We will be exploring the topic of Centralized Payment Processing: A Deeper Look into the SAP Solution at Sibos 2013 on Wednesday, September 18 at 3:00 p.m. If you are planning to attend, please register for this session by emailing info.mena@sap.com. I look forward to meeting you there!

 

Comments

Time For Banks To Fight Back

Laurence Leyden

Metamora, Illinois, USA --- USA, Illinois, Metamora, Close-up of man photographing checque --- Image by © Vstock LLC/Tetra Images/CorbisThe financial services industry has suffered consecutive blows in recent years. The global banking crisis, new regulations, empowered customers calling the shots, not to mention a new breed of digital disruptors out to steal market share, have wreaked havoc on business as usual.  Profits have been slashed, reputations have been damaged, and management has been blindsided.

The only way forward is change – a change of business model, a change of mindset, and a change of ecosystem.  It’s a major upheaval, and not to be taken lightly. Banks in particular have operated largely the same way for the past 300 years. Management is facing a once in a generation reassessment of 21st century banking.

Changes in customer behaviour, including 24×7 omnichannel service expectations, lack of loyalty by current customers willing to exchange privacy for easier access to information, generational expectations of future customers – “screenagers” and tech savvy Millennials – and technology advances in cloud, mobile, real-time data, and predictive analytics make yesterday’s business model redundant.

Banking isn’t actually about banking anymore. It’s about enabling people’s lifestyles. That means you have to completely re-think how you engage with customers. The lessons are everywhere in parallel industries. Nokia, for example, thought it was about the phone, not the customer experience. Digitisation has both emboldened and empowered customers. Ignoring this fact is pointless. You need to cater to what consumers want. That means your back-end systems need to be integrated, consistent, contextualised and easy to deploy across any channel.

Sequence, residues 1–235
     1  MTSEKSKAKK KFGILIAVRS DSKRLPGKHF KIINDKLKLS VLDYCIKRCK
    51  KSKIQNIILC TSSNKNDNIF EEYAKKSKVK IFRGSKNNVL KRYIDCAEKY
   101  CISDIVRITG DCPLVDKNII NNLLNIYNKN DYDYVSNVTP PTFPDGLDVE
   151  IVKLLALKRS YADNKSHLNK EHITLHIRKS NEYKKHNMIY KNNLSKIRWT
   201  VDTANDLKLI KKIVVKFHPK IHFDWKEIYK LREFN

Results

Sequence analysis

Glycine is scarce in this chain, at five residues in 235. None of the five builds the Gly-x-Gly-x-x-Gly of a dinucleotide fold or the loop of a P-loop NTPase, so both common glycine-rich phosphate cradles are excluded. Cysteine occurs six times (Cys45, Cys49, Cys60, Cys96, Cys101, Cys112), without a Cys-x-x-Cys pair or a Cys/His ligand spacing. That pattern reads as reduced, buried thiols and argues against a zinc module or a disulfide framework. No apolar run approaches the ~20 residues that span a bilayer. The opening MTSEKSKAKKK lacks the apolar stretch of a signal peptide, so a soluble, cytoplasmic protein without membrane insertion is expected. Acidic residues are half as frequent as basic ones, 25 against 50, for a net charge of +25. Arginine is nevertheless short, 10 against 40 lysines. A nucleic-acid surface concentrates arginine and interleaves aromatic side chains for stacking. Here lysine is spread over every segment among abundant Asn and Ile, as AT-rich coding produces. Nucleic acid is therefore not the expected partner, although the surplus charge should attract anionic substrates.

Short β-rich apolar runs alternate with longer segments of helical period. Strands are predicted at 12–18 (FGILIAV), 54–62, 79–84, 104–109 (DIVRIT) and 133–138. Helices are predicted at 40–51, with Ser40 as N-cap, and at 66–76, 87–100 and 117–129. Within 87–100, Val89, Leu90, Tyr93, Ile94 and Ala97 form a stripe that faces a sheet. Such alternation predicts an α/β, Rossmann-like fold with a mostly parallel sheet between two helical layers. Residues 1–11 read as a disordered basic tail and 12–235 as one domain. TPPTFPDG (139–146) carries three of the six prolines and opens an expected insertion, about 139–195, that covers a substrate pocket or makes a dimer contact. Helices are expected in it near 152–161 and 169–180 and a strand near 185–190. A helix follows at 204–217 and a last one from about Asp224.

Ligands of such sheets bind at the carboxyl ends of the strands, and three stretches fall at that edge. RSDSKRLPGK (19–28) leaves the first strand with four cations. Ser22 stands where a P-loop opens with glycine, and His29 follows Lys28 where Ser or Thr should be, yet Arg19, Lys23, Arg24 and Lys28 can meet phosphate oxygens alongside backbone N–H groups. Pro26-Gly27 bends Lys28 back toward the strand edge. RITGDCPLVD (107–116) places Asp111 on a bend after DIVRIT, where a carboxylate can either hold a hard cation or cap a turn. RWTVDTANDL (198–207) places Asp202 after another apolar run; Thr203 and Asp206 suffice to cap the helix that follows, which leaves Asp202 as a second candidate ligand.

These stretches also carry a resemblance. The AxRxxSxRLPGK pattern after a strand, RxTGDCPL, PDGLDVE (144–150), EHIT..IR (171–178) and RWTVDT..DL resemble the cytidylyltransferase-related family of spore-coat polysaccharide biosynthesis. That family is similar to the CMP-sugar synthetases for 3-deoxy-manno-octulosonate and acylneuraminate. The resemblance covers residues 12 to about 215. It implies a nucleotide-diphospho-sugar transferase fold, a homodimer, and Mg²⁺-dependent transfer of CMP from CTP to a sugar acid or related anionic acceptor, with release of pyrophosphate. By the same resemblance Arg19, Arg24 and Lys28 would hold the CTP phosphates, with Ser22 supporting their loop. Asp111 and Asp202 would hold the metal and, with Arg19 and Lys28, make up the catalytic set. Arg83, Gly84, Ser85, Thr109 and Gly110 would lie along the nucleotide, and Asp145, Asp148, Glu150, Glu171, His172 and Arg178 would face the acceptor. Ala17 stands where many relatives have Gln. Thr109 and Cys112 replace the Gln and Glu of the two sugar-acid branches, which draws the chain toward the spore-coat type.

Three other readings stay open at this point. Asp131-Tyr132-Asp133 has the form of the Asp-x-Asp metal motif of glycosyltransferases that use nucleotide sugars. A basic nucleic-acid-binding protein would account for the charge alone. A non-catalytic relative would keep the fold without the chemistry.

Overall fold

There’s also a whole new ecosystem required to support this new business model. Banks are facing disaggregation as they no longer own the end-to-end value chain, as well as disintermediation as new market entrants attack specific parts of the business (think Apple Pay). Smart banks are forging relationships with different and unexpected partners, such as mobile and retail organisations, even providing products from outside of the group where they are the best fit for a customer’s needs.  As I’ve said in one of my previous blogs, there’s a new mantra for modern banking: “Must play well with others.”